Looking forward, Russia-China synergy is unlikely to abate given that the primary factors driving their cooperation are set to persist. Yet there are significant differences between Russian and Chinese goals in and approaches to the Arctic that could be leveraged in an effort to limit the depth of their broader cooperation. In particular, the Arctic is simply more important to Russia than it is to China. Russia’s determination to protect its traditionally dominant position in the region could create tension over Arctic governance, including management of the Northern Sea Route. Russia is also more likely to rely on military force to protect its claims, which could contribute to instability that threatens China’s economic interests in the Arctic.

The United States should prepare for and address the most significant threats the Russia-China partnership poses to American interests and values while laying the groundwork for the natural fissures in the relationship to grow over the longer term. First, the United States should work with allies and partners in the Arctic to strengthen deterrence, especially by increasing allied military presence in the region. Second, the United States should seek to work the seams in the Russia-China partnership. In particular, it should support Russia’s interest in minimizing China’s role there. China is not an Arctic nation, and it is in the U.S. interest to limit China’s influence. At the same time, the United States can work alongside China to push back on Russia’s territorial claims in the Arctic and uphold the line established by the United Nations Convention on the Law of the Sea.

Washington must be mindful to avoid unnecessarily escalating regional tensions and actions that would push Moscow and Beijing even closer together.

Finally, the United States should seek to change Russia’s calculus so that Moscow views some cooperation with the United States as possible and preferable to its growing reliance on China. The Arctic provides a venue for small steps toward these objectives. In particular, the United States and its Arctic partners should engage Russia on confidence-building measures, climate-related cooperation, the establishment of “rules of the road” for military presence and operations in the Arctic, as well as restart the Arctic Chiefs of Defense forum to create a platform for directly addressing the growing militarization in the Arctic.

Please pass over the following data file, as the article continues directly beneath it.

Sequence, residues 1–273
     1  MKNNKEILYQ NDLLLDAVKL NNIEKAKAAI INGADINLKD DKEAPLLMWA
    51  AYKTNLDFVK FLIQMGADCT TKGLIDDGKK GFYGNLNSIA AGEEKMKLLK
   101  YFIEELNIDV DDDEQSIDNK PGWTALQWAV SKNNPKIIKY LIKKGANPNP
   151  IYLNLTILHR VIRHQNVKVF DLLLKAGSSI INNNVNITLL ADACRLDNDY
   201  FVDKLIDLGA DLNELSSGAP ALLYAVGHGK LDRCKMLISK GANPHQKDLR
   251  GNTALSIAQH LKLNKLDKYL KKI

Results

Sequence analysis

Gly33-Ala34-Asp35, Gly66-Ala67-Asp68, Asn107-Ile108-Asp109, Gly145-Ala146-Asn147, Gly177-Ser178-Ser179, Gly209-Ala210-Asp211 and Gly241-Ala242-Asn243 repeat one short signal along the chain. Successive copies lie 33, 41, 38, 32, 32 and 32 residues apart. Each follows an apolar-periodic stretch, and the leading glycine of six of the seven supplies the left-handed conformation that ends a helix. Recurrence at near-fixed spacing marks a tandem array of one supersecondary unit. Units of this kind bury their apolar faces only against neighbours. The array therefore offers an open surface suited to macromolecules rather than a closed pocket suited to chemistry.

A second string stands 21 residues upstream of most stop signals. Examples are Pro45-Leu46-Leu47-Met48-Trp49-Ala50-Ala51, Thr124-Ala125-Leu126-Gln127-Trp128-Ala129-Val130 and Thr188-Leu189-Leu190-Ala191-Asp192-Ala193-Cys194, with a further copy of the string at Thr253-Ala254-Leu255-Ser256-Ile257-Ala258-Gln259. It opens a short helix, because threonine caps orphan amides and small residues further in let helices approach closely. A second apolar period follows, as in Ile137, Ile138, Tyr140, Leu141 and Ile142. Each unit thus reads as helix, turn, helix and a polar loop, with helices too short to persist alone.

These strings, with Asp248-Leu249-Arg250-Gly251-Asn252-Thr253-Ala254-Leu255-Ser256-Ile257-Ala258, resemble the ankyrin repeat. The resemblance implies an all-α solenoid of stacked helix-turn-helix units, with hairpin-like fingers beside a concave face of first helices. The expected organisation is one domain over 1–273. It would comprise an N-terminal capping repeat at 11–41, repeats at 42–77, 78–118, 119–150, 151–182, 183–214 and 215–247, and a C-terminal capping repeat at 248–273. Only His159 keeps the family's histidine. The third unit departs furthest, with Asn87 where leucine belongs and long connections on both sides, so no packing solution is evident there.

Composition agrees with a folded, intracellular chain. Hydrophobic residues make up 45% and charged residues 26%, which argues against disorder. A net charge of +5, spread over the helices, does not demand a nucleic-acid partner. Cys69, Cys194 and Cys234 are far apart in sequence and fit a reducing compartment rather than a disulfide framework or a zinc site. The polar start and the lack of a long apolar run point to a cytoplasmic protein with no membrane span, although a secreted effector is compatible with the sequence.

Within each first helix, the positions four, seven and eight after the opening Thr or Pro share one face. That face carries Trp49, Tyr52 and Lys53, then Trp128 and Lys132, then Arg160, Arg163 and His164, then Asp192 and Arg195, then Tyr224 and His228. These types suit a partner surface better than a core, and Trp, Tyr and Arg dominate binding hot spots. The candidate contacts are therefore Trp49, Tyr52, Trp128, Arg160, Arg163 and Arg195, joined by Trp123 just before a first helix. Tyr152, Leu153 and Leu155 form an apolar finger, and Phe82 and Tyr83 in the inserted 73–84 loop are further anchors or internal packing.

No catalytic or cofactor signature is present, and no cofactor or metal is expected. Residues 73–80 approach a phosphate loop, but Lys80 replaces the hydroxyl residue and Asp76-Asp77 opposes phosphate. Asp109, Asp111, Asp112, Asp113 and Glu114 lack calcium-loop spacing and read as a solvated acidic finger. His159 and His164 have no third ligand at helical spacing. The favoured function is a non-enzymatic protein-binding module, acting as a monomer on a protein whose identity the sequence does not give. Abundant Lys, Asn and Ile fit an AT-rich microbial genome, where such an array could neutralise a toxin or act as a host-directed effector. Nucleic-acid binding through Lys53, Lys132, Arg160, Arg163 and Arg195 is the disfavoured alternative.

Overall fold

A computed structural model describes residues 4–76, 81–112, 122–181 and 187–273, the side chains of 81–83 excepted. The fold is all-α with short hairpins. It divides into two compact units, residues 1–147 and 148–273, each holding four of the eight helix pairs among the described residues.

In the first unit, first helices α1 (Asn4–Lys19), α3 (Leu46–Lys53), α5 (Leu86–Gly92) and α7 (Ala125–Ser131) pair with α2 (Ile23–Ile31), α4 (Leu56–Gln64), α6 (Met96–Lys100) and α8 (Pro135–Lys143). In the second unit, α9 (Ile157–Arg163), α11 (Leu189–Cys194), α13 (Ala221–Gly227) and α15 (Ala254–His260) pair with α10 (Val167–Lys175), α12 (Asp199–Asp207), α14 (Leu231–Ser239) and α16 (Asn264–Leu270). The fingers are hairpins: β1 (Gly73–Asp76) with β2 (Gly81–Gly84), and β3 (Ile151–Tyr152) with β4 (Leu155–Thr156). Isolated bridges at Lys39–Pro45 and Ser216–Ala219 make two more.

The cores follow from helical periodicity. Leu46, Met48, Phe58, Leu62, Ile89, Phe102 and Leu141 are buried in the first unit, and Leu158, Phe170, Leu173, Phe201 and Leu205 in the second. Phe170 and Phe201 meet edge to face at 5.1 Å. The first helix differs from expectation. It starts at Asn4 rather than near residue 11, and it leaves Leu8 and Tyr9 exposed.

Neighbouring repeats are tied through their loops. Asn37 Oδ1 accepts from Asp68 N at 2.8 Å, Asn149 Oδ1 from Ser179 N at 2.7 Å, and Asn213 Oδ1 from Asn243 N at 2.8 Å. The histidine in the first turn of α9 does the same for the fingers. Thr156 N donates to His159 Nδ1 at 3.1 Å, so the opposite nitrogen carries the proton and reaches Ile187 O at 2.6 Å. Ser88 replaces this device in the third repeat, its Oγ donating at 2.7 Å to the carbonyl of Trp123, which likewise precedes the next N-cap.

Great-power competition in the Arctic is on the rise. But as the United States engages in this competition, Washington must be mindful to avoid unnecessarily escalating regional tensions and actions that would push Moscow and Beijing even closer together. Concurrently, the United States and its partners must also explore opportunities to disrupt Russia-China cooperation. This policy brief provides analysis and recommendations to guide such an approach.

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  • Jim Townsend

    Adjunct Senior Fellow, Transatlantic Security Program

    James Joye Townsend Jr. is an adjunct senior fellow in the CNAS Transatlantic Security Program. After eight years as Deputy Assistant Secretary of Defense (DASD) for European ...

  • Andrea Kendall-Taylor

    Senior Fellow and Director, Transatlantic Security Program

    Andrea Kendall-Taylor is a Senior Fellow and Director of the Transatlantic Security Program at CNAS. She works on national security challenges facing the United States and Eur...